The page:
snake. you can starve a snake and try to cut the head off. we tried to cut the head off for last dozen years and we haven't done it. let's starve the snake. our homeland security in the united states, seal the border. melissa: interesting discussion that will not to away unfortunately not anytime too soon. thanks for coming on. we appreciate it. rainy day funds are running dry. americans struggling to prepare for the worst. a doggone winner. peanut the world's ugliest dog is here. see how he is handling all the fame! "piles of money" coming right up. ♪. my dad has aor afib.brillation, he has the most common kind...
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[ girl ] my mom, she makes underwater fans that are powered by the moon. ♪ she can print amazing things, right from her computer. [ whirring ] [ train whistle blows ] she makes trains that are friends with trees. ♪ my mom works at ge. ♪ ♪ ♪ melissa: whether it's on wall street or main street, here's who's making money today, anyone with a piece of yelp. shares moving higher today after it added a new service which allows users to send messages
directly to the company companies they're writing reviews about. copounder and ceo -- cofounder and ceo starting out the week on a good note, six million shares meaning he made $90 million today! that is something to write home about. and raking in the money from his new gig, ex-nsa chief keith alexander, he is charging up to a million bucks a month to tell wall street all about u.s. intelligence methods. bank bosses want to know how they can best recollect their sensitive information. -- protect be their sensitive information. he's teaching them. smart move. giving themselves -- [inaudible] no one was looking. soccer bosses, head honchos secretly doubled their own salaries to $200,000. reports say some members took bribes from the qataris to secure the hosting rights for the 2022 world cup.
oh, dear. all right, the fed seems to be looking the other way on inflation. janet yellen called figures noisy, but food prices are on the rise, meat, poultry, fish seeing an average increase of 8% last year, coffee, cocoa, milk seeing prices rise as well as these costs climb, will the economy prove to be weaker than the fed thinks it is? joining me now, brian wesbury of first trust advisers. brian, you know, i don't know if you had a chance, i don't know if you do your own grocery shopping, i'm not going to put you on the spot, but alas, when i was trying to buy meat this weekend, i was shocked by how high the prices have gone. i think people all across america, and i know it's not the fault of the fed that this has happened because it's been, you know, drought, pig virus, all kinds of things, but prices are up. inflation is here, right? >> you don't see this kind of broad increase in commodity rices without fed helping -- prices without the fed helping, you know? every year there's something whether it's the cherry crop or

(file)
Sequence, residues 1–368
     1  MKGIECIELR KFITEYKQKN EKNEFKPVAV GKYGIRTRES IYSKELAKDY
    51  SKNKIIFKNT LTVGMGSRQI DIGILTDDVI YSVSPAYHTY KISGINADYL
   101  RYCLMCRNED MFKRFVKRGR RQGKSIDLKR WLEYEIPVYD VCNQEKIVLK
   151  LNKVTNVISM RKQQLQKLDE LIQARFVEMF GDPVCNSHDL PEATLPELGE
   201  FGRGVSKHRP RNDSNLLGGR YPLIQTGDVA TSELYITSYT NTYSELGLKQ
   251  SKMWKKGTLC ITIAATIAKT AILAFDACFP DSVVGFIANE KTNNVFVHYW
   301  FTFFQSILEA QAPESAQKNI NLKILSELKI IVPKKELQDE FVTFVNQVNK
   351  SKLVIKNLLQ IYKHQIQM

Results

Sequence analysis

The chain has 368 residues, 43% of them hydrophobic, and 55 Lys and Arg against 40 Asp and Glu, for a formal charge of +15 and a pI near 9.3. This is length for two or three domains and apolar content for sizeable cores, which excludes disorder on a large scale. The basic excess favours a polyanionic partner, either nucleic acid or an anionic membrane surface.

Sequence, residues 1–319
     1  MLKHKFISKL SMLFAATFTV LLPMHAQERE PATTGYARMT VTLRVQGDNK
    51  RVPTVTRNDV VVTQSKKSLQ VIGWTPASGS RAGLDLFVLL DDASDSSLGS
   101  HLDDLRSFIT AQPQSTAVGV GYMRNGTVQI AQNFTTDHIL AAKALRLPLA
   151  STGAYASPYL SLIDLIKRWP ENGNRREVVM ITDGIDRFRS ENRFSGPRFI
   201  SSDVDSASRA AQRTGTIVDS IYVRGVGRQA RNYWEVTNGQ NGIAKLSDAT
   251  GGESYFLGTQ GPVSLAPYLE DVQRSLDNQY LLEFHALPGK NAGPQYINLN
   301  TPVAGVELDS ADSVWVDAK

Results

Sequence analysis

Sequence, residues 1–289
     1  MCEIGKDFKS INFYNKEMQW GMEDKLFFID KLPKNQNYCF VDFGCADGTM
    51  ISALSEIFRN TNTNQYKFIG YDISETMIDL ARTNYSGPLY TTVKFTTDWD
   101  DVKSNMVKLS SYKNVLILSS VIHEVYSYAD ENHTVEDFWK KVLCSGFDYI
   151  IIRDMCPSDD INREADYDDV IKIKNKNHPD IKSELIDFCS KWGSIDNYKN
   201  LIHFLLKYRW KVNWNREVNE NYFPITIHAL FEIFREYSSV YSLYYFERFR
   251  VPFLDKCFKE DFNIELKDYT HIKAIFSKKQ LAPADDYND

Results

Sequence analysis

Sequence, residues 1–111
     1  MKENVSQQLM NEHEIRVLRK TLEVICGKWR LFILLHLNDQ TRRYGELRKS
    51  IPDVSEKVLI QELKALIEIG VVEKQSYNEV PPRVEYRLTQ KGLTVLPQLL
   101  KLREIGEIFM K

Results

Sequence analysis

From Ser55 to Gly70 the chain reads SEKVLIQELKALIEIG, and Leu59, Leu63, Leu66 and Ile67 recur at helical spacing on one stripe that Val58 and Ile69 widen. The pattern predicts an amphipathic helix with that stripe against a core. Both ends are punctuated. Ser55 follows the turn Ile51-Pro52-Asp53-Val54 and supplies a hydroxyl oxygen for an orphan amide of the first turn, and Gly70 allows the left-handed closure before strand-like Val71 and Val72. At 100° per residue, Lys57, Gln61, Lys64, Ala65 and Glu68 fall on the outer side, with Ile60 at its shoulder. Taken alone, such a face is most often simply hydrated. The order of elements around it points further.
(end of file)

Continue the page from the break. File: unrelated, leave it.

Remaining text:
the cranberry crop or the cattle harvest or cattle slaughter or the wheat harvest, somewhere something is always happening with supply and demand. but when you see these kinds of broad increases across broad categories, that usually has to do with money, and that's the fed. and they've been printing too much of it. many. melissa: and it's not just food. it's astounding, bacon, 18%, ground beef, 16%, but you look at something like coffee, up 50% year to date. prices are going up. it's not just the grocery store. if you go to a restaurant or you go to starbucks, it's up there. and it just goes all the way through the food chain. is there evidence, i mean, what's the next step that would show us that inflation is really taking off? as the dominoes fall, in your mind what's next? >> right. you know, usually commodities move first. melissa: right. >> and then not always does the consumer price index move second. you know, broad, broad inflation, when's the last time